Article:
Unfortunately, your access has now expired. But there’s good news—by subscribing today, you will receive 22 issues of Booklist magazine, 4 issues of Book Links, and single-login access to Booklist Online and over 180,000 reviews.
Your access to Booklist Online has expired. If you still subscribe to the print magazine, please proceed to your profile page and check your subscriber number against a current magazine mailing label. (If your print subscription has lapsed, you will need to renew.)
You must be logged in to read full text of reviews.
> Logged-in users can make lists, save searches, e-mail, and more!
> Click My Profile to create a username & password
> Try a free trial or subscribe today
April 15, 2017 BOOKLIST
Find more Stick a Fork in It
We sift through thousands of book titles every year, and if there’s one thing that sears a title into our memory, it’s an awesomely bad pun. The authors most worth their salt in the pun game are cozy writers, and, boy, do they ever take the cake. The author of Long Quiche Goodbye, for instance, has dedicated an entire series to cheese-shop mysteries with such groan-worthy titles as Lost and Fondue and To Brie or Not to Brie. Elsewhere we find equally cornball capers: Arsenic and Old Cake, A Killer in the Rye, Assaulted Pretzel, Fonduing Fathers (a kitchen cozy set in Washington, D.C.), Going Going Ganache, A Killer Maize, Butter Safe than Sorry, Gruel and Unusual Punishment, The Hand That Rocks the Ladle, Between a Wok and a Hardplace—the list goes on. Even a diet restricted to food-related mysteries reviewed by Booklist offers a cornucopia of choices; whether you wince or guffaw is simply a matter of taste.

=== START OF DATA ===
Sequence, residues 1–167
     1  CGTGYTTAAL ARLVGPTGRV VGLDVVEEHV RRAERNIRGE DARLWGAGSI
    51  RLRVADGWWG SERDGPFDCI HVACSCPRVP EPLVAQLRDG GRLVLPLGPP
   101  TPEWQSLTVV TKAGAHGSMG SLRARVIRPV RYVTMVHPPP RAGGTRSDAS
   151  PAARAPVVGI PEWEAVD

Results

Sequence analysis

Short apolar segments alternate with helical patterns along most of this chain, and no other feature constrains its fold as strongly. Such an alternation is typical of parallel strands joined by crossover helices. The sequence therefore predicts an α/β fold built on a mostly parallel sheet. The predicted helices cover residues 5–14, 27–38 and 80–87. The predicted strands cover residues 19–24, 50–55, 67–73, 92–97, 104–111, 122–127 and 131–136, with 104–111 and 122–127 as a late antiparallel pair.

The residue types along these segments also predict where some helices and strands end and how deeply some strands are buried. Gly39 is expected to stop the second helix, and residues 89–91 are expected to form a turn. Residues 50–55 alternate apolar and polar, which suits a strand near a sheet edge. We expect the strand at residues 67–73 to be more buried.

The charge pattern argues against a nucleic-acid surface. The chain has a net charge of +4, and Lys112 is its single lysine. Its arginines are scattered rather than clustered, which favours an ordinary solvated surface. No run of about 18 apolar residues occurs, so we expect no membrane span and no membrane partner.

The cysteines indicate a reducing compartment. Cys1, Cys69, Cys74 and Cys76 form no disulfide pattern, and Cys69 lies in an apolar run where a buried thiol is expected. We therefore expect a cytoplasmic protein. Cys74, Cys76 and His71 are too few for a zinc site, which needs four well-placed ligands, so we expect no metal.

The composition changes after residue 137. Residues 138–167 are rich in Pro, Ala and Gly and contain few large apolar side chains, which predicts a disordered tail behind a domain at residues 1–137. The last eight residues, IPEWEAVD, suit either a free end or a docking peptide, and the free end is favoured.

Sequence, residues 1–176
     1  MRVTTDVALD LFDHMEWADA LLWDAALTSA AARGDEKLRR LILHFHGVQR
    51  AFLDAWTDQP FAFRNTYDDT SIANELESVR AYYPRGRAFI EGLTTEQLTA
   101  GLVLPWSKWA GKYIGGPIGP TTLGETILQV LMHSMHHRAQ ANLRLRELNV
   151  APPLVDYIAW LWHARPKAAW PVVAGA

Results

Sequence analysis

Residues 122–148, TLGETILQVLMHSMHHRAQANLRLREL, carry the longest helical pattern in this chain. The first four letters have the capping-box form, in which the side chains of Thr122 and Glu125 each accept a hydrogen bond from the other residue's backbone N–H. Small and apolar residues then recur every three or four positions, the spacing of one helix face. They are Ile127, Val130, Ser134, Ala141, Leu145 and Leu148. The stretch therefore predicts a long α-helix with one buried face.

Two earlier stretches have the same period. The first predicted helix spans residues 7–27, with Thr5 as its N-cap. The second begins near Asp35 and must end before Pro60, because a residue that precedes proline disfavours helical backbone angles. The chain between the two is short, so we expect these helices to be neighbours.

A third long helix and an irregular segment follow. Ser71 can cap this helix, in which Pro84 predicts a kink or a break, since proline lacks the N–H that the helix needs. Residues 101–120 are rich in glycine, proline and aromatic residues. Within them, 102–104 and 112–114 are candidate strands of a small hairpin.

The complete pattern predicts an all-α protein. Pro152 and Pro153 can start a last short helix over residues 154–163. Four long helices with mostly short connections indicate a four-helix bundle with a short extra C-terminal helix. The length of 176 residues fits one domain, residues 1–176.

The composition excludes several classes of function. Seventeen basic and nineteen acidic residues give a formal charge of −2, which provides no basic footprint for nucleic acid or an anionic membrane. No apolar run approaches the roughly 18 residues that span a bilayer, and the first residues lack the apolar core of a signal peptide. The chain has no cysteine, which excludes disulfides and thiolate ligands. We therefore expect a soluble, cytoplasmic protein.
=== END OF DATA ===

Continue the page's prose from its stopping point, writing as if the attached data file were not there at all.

Batter off Dead. By Tamar Myers. 2009. 272p. Signet, paper, $7.99 (9780451227072).
If you enjoy cozies with unrelenting slapstick humor, the Pennsylvania Dutch Mysteries are your cup of tea. In the seventeenth entry of this series, 48-year-old sleuth Magdalena Portulaca Yoder is assisting at the annual Beechy Grove Mennonite Church’s pancake breakfast when local glutton Minerva J. Jay drops dead. To most people’s surprise, it’s a case of murder, not cholesterol overload.
Black Beans and Vice. By J. B. Stanley. 2010. 336p. Gale, paper, $25.99 (9781410431837).
When the “Flab Five” supper-club members decide to stave off temptation with hypnotherapy and head librarian James Henry’s young son wants to go vegan, heads begin to roll. In addition to two suspicious deaths, James must cope with a kooky animal-rights campaign, a new-old romance with his ex, and a wicked craving for anything sweet.
Gluten for Punishment. By Nancy J. Parra. 2013. 304p. Berkley/Prime Crime, paper, $7.99 (9780425252109).
After the death of her mother, Toni returns to her hometown of Oiltop, Kansas, where she moves into the family’s Victorian mansion and sets up her gluten-free business in a local bakery. Local residents are mostly supportive, until, at the grand opening, a farmer who claims wheat-free products go against God throws flour on Toni and others. When the farmer is murdered in front of the bakery, Toni becomes the main suspect.
Grounds for Murder. By Sandra Balzo. 2007. 318p. Severn, $31.95 (9780727877109).